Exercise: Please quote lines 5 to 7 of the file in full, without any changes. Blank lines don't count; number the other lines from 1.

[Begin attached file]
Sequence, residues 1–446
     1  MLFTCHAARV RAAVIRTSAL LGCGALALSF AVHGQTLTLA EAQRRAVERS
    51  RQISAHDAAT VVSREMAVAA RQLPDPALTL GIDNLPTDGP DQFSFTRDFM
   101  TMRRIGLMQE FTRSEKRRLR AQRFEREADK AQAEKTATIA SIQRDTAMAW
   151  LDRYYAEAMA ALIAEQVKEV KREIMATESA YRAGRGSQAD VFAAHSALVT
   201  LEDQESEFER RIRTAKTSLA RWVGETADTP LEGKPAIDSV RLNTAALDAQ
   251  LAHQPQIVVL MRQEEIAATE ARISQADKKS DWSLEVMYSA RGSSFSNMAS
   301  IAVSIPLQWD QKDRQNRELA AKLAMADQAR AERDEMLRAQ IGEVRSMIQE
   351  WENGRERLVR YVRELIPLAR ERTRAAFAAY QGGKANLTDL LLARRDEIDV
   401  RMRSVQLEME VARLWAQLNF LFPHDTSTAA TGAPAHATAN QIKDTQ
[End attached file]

   151  LDRYYAEAMA ALIAEQVKEV KREIMATESA YRAGRGSQAD VFAAHSALVT
   201  LEDQESEFER RIRTAKTSLA RWVGETADTP LEGKPAIDSV RLNTAALDAQ
   251  LAHQPQIVVL MRQEEIAATE ARISQADKKS DWSLEVMYSA RGSSFSNMAS